The upper middle class seems to be pulling away from everyone else. Spend much time with America’s wealthier families, and it’s not uncommon to see parents with three kids in three different schools. They made choices based on each child’s unique needs. They give their children the best possible chance to succeed. Why deny these choices to poor kids? Should we punish them for their parents’ economic performance? Faced with the difficult task of defending a failing system and limiting parental choice, all too many defenders of government schools fall back on name-calling, conspiracy theories, and their own anti-Christian bigotries… It doesn’t make public schools better. And it certainly doesn’t invalidate the good and decent effort to use greater competition to improve education for everyone — white and black alike.

I am certain Mr. French realizes that his civil rights argument falls apart in the light of day. Can he cite a single state legislature that has suggested that governments are willing to provide vouchers for children that will enable parents in poverty or the working class to have the same kinds of choices as “the upper middle class”? Is any state legislature or state legislator advocating spending levels that would match those of  the schools chosen by the “upper middle class”?

Several weeks ago I researched the term “government schools” and learned that the term was originally coined by Patrick Moynihan, arguably one the “founding fathers” of neoliberalism. As Ms. Stewart and Mr. French note, the term was expropriated and embraced by the libertarian right and, as Mr. French’s article illustrates, has has been purposefully used to emphasize the link between public schools and the government, especially the federal and local government. In my blog post in early July I wrote:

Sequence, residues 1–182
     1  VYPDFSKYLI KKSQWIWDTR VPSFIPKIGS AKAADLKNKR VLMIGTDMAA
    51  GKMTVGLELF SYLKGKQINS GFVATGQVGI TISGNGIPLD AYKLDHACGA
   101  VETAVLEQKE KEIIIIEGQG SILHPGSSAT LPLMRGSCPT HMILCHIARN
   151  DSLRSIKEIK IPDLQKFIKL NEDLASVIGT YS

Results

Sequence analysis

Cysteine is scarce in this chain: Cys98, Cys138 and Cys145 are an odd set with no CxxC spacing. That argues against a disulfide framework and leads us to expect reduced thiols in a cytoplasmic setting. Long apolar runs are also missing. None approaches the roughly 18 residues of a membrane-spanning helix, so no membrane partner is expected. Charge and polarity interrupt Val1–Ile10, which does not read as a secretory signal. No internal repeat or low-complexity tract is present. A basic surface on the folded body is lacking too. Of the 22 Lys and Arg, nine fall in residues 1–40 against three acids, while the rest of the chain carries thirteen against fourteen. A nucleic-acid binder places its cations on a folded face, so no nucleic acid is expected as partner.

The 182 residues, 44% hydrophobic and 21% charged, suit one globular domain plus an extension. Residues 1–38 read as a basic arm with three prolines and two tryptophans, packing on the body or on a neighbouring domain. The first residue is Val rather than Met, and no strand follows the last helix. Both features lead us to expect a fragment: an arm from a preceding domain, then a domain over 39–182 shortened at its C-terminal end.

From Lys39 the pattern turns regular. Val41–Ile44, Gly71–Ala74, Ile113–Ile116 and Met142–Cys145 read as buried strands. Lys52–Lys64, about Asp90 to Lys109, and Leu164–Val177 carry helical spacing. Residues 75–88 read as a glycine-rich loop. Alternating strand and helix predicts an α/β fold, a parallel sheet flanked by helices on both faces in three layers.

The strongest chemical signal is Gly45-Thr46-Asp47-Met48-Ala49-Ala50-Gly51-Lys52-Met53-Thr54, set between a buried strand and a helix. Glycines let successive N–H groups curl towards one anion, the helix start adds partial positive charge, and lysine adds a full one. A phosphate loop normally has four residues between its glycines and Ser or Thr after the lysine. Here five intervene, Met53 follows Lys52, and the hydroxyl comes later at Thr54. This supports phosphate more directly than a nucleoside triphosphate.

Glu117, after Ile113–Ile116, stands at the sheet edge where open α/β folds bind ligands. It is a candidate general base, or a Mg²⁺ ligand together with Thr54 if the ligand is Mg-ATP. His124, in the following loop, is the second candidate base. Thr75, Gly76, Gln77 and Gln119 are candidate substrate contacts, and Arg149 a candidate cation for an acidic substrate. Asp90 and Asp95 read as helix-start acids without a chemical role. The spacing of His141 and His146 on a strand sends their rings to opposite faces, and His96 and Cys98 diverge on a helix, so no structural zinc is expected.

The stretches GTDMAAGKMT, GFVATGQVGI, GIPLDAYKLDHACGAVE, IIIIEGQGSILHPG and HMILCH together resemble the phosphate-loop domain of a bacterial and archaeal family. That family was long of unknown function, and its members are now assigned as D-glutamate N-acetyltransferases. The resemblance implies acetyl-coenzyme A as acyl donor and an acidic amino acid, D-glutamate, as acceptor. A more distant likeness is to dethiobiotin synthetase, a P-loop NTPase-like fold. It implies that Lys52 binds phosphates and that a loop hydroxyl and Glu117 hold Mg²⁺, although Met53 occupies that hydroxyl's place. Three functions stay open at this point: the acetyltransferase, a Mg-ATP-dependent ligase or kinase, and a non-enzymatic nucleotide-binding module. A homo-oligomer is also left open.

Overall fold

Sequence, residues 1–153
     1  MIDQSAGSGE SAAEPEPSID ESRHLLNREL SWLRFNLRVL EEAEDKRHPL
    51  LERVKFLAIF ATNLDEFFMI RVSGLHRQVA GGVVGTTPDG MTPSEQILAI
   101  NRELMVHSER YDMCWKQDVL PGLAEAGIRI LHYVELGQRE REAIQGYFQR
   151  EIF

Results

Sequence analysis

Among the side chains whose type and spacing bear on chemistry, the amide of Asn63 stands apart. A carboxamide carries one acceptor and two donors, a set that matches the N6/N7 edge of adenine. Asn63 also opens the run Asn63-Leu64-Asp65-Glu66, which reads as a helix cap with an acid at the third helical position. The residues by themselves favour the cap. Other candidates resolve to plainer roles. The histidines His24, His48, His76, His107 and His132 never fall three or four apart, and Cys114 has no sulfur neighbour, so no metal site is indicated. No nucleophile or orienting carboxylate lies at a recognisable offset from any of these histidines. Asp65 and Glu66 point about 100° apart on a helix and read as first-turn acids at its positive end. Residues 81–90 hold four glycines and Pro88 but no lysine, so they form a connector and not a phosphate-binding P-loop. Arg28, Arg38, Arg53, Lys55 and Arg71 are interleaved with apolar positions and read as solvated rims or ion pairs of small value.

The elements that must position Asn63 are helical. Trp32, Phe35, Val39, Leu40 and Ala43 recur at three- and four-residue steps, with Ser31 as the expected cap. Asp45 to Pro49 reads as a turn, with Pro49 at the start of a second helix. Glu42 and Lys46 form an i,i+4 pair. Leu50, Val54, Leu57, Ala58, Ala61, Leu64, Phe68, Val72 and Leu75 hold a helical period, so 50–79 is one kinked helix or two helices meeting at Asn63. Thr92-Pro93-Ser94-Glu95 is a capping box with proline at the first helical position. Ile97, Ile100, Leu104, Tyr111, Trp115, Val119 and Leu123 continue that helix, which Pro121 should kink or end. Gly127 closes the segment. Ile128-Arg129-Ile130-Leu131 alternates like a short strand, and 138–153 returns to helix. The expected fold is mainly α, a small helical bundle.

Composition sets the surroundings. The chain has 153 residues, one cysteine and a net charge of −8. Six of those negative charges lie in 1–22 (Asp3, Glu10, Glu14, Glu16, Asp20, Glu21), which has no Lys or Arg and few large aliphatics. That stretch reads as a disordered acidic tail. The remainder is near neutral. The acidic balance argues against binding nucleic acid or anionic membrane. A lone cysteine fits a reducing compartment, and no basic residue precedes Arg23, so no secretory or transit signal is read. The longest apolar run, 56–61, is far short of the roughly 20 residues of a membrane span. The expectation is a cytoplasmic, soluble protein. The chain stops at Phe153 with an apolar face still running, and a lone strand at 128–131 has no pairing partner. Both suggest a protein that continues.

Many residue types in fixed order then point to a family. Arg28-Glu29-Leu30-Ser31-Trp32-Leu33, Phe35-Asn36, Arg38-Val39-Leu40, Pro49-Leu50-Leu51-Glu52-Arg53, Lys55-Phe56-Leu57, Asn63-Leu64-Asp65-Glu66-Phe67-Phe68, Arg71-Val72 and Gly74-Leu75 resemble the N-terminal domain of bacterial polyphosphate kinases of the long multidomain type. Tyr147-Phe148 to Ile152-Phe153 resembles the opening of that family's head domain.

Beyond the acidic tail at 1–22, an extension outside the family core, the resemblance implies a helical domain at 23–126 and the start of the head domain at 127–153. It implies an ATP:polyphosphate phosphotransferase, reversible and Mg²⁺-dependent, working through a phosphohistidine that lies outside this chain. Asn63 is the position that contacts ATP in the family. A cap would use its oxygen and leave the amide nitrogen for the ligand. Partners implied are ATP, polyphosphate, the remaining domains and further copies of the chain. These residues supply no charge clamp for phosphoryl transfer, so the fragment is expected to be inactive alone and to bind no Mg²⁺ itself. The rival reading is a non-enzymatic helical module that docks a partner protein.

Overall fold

Public schools, after all, are not governed by some remote and alien force in Washington DC or, in the case of Kansas, Topeka. They are governed by local school boards who still have a say over who they hire, the raising of local taxes, and how the curriculum is delivered.

And here’s the maddening irony of all this: those who want to impose “market forces” on public schools are imposing the reliance of standardized tests on school boards and, in doing so, are imposing standardized curricula on the schools. Moreover, many of the fundamentalists who are drawn to the notion that “government” is “bad” want to control the material taught in the “government schools”, insisting that religion and patriotism be incorporated in the curriculum at the expense of topics like evolution and global warming.

One point I didn’t make in that earlier post is the point that neither Mr. French nor Ms. Stewart make: the real goal of those using the term “government schools” is the commodification and privatization of public education. Both the neoliberals and conservatives are seeking this outcome because their donors want to see this occur: the tech-based donors and edu-preneur donors because they see the possibility of profits and the corporate donors because they want to pay lower taxes. In both cases the children raised in poverty will suffer and the opportunities for economic advancement will be limited… and in both cases local governance will be undercut and democracy will suffer.